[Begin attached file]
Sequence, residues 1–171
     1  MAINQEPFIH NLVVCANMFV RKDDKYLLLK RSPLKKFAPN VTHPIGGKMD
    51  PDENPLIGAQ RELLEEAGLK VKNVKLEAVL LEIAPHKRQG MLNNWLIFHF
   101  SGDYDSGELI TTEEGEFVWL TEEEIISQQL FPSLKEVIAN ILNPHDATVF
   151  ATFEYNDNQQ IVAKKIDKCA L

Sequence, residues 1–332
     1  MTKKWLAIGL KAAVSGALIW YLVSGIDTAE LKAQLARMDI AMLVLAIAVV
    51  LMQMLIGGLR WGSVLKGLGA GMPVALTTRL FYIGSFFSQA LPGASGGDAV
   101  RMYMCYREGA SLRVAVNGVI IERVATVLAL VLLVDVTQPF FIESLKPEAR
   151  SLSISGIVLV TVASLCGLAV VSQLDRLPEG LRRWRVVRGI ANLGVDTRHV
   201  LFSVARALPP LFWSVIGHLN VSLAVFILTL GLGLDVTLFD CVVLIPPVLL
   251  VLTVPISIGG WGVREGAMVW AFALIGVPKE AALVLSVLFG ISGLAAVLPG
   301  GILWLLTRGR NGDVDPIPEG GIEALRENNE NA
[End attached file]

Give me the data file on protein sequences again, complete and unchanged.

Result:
Sequence, residues 1–171
     1  MAINQEPFIH NLVVCANMFV RKDDKYLLLK RSPLKKFAPN VTHPIGGKMD
    51  PDENPLIGAQ RELLEEAGLK VKNVKLEAVL LEIAPHKRQG MLNNWLIFHF
   101  SGDYDSGELI TTEEGEFVWL TEEEIISQQL FPSLKEVIAN ILNPHDATVF
   151  ATFEYNDNQQ IVAKKIDKCA L

Sequence, residues 1–332
     1  MTKKWLAIGL KAAVSGALIW YLVSGIDTAE LKAQLARMDI AMLVLAIAVV
    51  LMQMLIGGLR WGSVLKGLGA GMPVALTTRL FYIGSFFSQA LPGASGGDAV
   101  RMYMCYREGA SLRVAVNGVI IERVATVLAL VLLVDVTQPF FIESLKPEAR
   151  SLSISGIVLV TVASLCGLAV VSQLDRLPEG LRRWRVVRGI ANLGVDTRHV
   201  LFSVARALPP LFWSVIGHLN VSLAVFILTL GLGLDVTLFD CVVLIPPVLL
   251  VLTVPISIGG WGVREGAMVW AFALIGVPKE AALVLSVLFG ISGLAAVLPG
   301  GILWLLTRGR NGDVDPIPEG GIEALRENNE NA